Andrew Beckwith:  One quick question —

Dan Rea:  Very quickly, because we’ve got to take a break. Very quickly.

Andrew Beckwith:  So Paul, Paul, let me ask you this. If a spa declines service to a woman because they’re a transgender woman, and they give that service to every other woman who comes to their door, is that unlawful discrimination?

Paul Tucker:  This law does not require anyone to do anything outside the scope of their occupation —

Andrew Beckwith:  Won’t answer the question

Paul Tucker:  — and that’s the bottom line.

Andrew Beckwith:  That’s within the scope of their occupation, Paul.

Dan Rea:  O.K., we’re going to take a break, on that point. …

 

Where Are the Bathroom Cases?

Later in the debate, Tucker noted that the No side has not provided to date examples of biological men committing illegal acts in women’s bathrooms and locker rooms and then claiming to be transgender as a defense.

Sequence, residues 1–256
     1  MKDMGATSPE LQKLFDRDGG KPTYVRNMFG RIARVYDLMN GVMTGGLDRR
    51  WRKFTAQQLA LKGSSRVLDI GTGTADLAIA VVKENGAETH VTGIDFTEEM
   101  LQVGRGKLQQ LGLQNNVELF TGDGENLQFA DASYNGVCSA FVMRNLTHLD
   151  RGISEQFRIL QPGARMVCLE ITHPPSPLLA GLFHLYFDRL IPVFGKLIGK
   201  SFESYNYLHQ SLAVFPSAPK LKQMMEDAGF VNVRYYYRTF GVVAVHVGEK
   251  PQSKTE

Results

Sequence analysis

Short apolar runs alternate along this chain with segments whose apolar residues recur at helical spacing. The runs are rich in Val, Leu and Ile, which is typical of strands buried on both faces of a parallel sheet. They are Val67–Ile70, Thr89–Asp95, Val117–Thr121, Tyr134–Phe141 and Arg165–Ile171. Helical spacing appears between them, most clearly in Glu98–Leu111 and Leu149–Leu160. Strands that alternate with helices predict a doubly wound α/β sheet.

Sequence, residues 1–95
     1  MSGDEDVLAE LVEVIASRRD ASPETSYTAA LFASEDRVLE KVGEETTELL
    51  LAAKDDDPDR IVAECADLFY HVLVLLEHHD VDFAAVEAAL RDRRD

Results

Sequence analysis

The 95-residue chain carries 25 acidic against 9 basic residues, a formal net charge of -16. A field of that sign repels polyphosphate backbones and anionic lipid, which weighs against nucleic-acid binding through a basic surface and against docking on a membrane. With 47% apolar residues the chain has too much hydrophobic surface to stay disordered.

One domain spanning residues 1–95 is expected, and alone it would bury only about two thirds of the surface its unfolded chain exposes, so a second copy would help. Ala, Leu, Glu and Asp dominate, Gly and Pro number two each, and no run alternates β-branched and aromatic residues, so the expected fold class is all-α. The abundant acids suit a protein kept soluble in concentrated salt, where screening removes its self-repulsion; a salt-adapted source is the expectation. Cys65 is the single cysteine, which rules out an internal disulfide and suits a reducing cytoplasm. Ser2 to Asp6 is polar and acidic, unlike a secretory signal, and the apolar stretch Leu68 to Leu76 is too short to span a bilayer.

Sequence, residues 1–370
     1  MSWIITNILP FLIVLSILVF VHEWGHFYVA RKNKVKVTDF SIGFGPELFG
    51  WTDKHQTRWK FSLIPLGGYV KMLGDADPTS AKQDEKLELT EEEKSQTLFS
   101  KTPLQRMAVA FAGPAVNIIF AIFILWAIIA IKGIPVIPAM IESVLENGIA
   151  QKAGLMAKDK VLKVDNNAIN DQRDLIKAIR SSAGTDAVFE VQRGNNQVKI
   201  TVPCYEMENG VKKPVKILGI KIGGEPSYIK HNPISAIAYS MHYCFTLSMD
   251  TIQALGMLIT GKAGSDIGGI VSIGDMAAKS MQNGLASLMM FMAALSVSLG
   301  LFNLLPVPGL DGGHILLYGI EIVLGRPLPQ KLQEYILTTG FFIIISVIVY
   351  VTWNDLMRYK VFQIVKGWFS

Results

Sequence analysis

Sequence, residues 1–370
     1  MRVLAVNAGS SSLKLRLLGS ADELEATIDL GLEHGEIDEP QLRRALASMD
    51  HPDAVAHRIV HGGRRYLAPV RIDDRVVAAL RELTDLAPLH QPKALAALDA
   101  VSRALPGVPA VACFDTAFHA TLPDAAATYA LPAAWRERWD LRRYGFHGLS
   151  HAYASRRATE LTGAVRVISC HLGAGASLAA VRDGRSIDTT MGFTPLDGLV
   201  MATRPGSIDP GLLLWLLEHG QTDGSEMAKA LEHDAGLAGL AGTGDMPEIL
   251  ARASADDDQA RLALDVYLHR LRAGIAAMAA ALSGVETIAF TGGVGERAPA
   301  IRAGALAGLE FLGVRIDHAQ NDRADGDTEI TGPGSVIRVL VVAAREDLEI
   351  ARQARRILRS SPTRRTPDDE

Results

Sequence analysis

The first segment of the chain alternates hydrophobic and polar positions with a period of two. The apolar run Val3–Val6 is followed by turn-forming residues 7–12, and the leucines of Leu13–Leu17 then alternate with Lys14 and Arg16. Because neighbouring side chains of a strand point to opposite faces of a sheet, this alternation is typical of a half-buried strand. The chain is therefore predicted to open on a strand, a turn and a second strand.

Beckwith had earlier called the state law’s definition of gender identity “vague and overbroad,” arguing that because the law requires only that a transgender identity be “sincerely held” then anyone can claim to be transgender even without using hormone treatment, surgery, or a medical diagnosis.

But Tucker disagreed.

“I would say that the sincerely held belief I think is clear as a bell,” Tucker said. “I would also say, and one of the things that may have been lost over this debate, is a crime before the protections were put in place, it’s a crime today. It’s a crime tomorrow, if somebody asserts gender identity for an improper purpose. And I think part of this is telling – that a lot of the opponents’ argument is, the what-if scenarios:  ‘What if this happens?’ ‘It could happen.’ ‘They may refile.’ I’m waiting for the first case where it says somebody used their gender identity for a less than sincere belief and committed a crime and actually asserted that as a defense. I’ve been looking. I haven’t found it.”

Tucker also objected to the No side’s argument that the gender-identity laws enables sex offenders.

“I think one of the disservices that we’ve seen is when we see the word ‘transgender’ in the same sentence as sex offenders. I think that’s despicable. I think it’s terrible,” Tucker said.